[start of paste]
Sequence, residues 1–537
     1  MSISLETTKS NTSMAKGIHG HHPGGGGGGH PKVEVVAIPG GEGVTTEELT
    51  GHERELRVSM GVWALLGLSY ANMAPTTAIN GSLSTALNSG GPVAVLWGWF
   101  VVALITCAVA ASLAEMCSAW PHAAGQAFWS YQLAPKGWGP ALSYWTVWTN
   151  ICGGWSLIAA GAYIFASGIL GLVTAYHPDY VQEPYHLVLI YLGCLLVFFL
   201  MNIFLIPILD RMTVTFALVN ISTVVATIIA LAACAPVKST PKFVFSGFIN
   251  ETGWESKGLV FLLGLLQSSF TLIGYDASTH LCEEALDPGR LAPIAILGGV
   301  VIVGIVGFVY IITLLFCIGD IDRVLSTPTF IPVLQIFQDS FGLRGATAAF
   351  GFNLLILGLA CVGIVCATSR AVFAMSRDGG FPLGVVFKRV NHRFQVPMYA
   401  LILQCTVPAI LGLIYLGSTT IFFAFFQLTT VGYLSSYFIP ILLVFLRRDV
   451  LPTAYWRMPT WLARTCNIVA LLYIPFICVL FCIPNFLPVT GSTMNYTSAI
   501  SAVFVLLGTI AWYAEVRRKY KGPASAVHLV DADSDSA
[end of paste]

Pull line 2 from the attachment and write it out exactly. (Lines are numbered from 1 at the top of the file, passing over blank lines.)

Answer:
     1  MSISLETTKS NTSMAKGIHG HHPGGGGGGH PKVEVVAIPG GEGVTTEELT